Sunday, February 28, 2010
The 100th post: Twelve March Poems.
Friday, February 26, 2010
Brief Review: "Auntie Mame" by Patrick Dennis
Auntie Mame (An Irreverent Escapade) by Patrick Dennis, 1955
"Age cannot wither her, nor custom stale" Auntie Mame.
After 55 years, what is there to say that hasn't already been said? Very little if anything, I suspect, so I won't even try; I'll just state categorically that Auntie Mame may well be the funniest comic novel ever written by an American, or, if not that, still one of a very tiny handful which head any list of the funniest and best. Mame Dennis (later Burnside), woman of exquisite modern tastes and cultural refinement, strong liberal inclinations and fierce opposition to hypocrisy in all its forms, almost boundless optimism even if not always the most profound insight into others' characters, is one of the great comic creations of the 20th century who throws herself without hesitation or restraint into experiencing life and who is essentially unflappable even when things go seriously awry, as they sometimes do. I have the feeling that, were Mame seriously religious, she would undoubtedly choose to be Lutheran just so she could adopt as her own motto Martin Luther's dictum pecca fortiter -- "sin bravely," not because she's particularly a sinner, but because she commits herself totally to whatever she undertakes, without reservation (and sometimes without forethought).
The novel in fact focuses on the relation that develops between Mame and her nephew -- one Patrick Dennis -- who is committed to her keeping as his legal guardian when Patrick becomes an orphan at the age of 10 in 1928 and follows them and their adventures up until 1955. That relationship, as one might imagine, has its ups and downs, with Patrick at moments passionately idolizing his Aunt while at others driven entirely to distraction by her behavior; it's at those latter moments he is fully convinced that he is actually her guardian or at least has to act as if he were. But the very real love between the two never falters, not even when, on the eve of his high school graduation from a strict, stuffy private school, she imperils him by showing up with a young pregnant woman she's taken under her wing, insists that he sneak off campus twice a day to shop and take the mother-to-be for long walks, and registers her in the local hotel as -- of course -- Mrs. Patrick Dennis, a situation naturally discovered by the primmest and stuffiest of prim and stuffy headmasters.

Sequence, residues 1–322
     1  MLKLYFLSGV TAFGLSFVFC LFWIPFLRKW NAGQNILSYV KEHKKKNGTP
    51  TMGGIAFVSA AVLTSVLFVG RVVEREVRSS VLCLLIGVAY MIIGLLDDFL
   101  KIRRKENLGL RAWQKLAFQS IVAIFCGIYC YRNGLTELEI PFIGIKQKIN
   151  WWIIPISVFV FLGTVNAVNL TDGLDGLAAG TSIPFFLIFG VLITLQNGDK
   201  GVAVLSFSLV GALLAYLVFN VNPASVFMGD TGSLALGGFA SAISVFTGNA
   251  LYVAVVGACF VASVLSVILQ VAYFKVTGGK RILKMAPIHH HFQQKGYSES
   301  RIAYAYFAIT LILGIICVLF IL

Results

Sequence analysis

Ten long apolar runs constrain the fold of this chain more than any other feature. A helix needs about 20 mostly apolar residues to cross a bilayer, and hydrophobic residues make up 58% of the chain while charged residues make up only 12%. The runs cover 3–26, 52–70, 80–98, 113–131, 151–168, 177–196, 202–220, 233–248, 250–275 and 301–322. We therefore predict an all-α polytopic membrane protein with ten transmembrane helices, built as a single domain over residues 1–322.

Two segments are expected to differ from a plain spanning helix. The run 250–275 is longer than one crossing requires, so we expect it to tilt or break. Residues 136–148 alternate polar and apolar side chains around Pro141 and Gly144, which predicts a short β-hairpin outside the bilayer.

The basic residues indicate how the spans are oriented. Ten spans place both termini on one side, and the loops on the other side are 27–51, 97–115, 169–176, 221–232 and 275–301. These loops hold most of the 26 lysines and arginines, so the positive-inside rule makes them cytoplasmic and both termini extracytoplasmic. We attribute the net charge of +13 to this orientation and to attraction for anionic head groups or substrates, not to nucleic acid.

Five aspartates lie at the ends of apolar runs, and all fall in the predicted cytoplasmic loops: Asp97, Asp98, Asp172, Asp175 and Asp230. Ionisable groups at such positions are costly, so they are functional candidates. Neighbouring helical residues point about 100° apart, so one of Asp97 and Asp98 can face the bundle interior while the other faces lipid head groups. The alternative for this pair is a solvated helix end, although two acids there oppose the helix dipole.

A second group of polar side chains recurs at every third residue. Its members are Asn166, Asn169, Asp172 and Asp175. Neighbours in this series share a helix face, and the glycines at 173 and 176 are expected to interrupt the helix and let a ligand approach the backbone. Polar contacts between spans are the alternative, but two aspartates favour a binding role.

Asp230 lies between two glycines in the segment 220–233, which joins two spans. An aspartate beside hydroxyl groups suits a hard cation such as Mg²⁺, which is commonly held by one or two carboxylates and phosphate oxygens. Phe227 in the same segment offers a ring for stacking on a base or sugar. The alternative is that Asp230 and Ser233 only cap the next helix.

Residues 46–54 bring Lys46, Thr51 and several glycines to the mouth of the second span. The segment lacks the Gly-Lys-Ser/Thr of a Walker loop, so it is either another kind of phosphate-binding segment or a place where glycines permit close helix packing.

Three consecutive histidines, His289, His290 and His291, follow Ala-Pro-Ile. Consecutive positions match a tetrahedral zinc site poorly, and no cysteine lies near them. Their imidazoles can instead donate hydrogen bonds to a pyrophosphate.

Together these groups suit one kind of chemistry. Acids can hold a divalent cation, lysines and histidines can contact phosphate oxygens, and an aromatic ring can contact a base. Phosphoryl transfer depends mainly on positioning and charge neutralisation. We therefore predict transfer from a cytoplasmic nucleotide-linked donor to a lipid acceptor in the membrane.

The humor derives not only from the plotting and the complex, problematical situations which Mame (and sometimes Patrick) create but also from the writing itself, which is lively, witty, and masterful. When the newly-arrived Patrick informs Mame that he doesn't understand many of the words she uses, she's delighted at the opportunity of "molding a little new life!" and hands him a pencil and pad which he's to keep at all times and write down any words she uses he doesn't understand so she can explain them to him, thereby developing his vocabulary. Of course, she hands him the pad with her usual grand sweeping gesture which knocks over the coffee pot, whereupon "I immediately wrote down six new words which Auntie Mame said to scratch out and forget."
Auntie Mame is a work that comes the closest of any American novel I can recall having read to the work of P. G. Wodehouse; Wodehouse's intricate plotting, his ability to characterize stereotypical characters as individuals, and the wonderful humor of his prose are all attributes one also finds in Dennis's work. But Dennis differs from Wodehouse, as well, in his forthrightness in dealing at times with what were very controversial (and generally not publicly addressed) issues at the time the book was published; Mame's relentless and remorseless taking on of the antisemitism and racial bigotry of Patrick's prospective father-in-law at one point is one instance. Dennis, in fact, deserves recognition for his willingness to address such issues in the mid-1950s; he was one of the few writers at the time who did so.
But it is most as comedy that Auntie Mame stands out from so much other work, and it is as a -- possibly the -- superb American comic novel that it deserves to be remembered. And read.
Sunday, February 21, 2010
The Clover, Bee, and Reverie Poetry Challenge 2010
I have just discovered and will be participating in the Clover, Bee, and Reverie Poetry Challenge 2010; this link includes the rules. I will be participating at the "Sonnet" level, which means reading 14 books, with 2 groups of 2 books related to each other in some way and 1 group of 4 books related in some way.
Sunday, February 14, 2010
Brief Review: "Maps" by Nuruddin Farah
Maps by Nurrudin Farah (Volume I of the Blood in the Sun trilogy), 1986
Maps develops the theme of identity in its many manifestations -- personal, family, and national -- through a simple story which is narrated through stylistically complex means, and in so doing explores the various aspects of its central theme in depth while raising significant questions about the multiple nature of identity.